The qualitative research method is a branch of research that focuses on the use of conversational methods to collect data. It boasts a plethora of tools at its disposal, and discourse analysis is one of its most popular instruments for research and data collection.
Discourse analysis is utilized in several disciplines, including the humanities and social science like psychology, sociology, linguistics, and cultural studies. Want to find out what discourse analysis entails? Its uniqueness, among other methods? Its uses and processes? Read on…
What Is Discourse Analysis?
Discourse analysis may be defined as a method or tool for studying spoken or written language in a social context. Discourse analysts tend to consider the broader discourse context to understand what effect it has on the meaning of the actual sentence.
It is usually referred to as the analysis of language beyond the sentence because it is the study of larger chunks of language and its fluidity. With relation to discourse analysis, analysts usually focus on;
- The mode of communication for values, assumptions, and beliefs
- The cultural conventions and rules in communication
- What effect historical, political and social context has on the use of language
- The effects and purposes of different types of language
Historical Background of Discourse Analysis
The research on discourse has been ongoing for over three decades. During this time, several perspectives on the subject have been grouped into two categories; The Anglo American and French directions.
Although there are differences in their points of view, they all believed that discourse analysis should explain the preference of particular statements over others and how and to what extent they have influenced social networks.
There are four distinct fundamental paradigms on which the discourse research tool was formed. These are;
What Are the Uses of Discourse Analysis?
Because the conduction of discourse analysis entails examining the function of language and the subjective meaning of language in differing social contexts, it can be applied to any instance of oral, written, or non-verbal modes of communication. These nonverbal techniques include tone, gestures, etc.
Discourse analysts aim to obtain a deeper understanding of social groups and their communications style. Suitable materials and publications for discourse analysis include;
- Conversations and interviews
- Government and business documents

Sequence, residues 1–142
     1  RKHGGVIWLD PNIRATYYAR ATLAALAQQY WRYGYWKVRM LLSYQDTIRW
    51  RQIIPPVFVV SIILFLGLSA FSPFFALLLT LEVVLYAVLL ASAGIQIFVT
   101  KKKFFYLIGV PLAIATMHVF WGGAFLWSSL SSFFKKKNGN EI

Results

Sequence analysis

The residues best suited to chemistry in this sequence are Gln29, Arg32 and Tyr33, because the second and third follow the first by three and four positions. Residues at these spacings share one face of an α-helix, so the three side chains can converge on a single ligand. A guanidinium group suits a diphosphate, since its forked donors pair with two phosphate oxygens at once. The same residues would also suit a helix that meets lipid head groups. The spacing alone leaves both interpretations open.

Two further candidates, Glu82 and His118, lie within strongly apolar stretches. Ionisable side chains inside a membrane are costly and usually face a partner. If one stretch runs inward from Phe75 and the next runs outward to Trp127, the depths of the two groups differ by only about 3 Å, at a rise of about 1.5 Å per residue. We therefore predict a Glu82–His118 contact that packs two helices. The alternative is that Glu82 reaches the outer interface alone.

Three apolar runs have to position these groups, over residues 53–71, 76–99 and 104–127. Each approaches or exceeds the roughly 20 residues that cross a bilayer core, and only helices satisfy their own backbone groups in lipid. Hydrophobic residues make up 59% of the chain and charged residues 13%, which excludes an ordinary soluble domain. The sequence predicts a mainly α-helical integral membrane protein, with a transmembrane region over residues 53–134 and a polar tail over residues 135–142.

- Forums, websites, social media comments and posts
- Periodicals, books, and newspapers
- Material used for marketing like an advertisement, brochures, etc.
What Makes Discourse Analysis Unique?
Other more conventional linguistic approaches tend to focus on language mechanics, paying attention to factors like semantics, syntax, morphology, and phonetics. Unlike these methods, discourse analysis emphasizes the contextual meaning of language.
Rather than focus on the smaller, more simplistic units, discourse analysis emphasizes the social aspect of language and its use to garner specific effects, i.e., build trust, resolve conflict, convince, etc.
How to Conduct a Discourse Analysis
Discourse analysis takes its interpretation of a statement from both its content and context. Here are the four fundamental steps required to undergo this process properly;
- Develop and clearly define the research question and then choose a range of material appropriate for it.
- Collate theory and information on the context being researched. Obtain factual details where and when the content was created, the publisher, the author, and who it was disseminated to.
- Analyze the content for patterns and themes. Examine the elements of the material like the sentence, words, paragraph, and overall structure about attributes relevant to your research question.
- Review results and make your conclusions. Reflect on your results and consider your analysis to reach a conclusion that answers your research question.
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Discourse analysis is a mainstay in research processes because of its broad reach and technical approach. Its results usually lead to greater insight into your subject, which is the aim of the research. Ensure to diligently follow its steps so you can draw a favorable and accurate conclusion.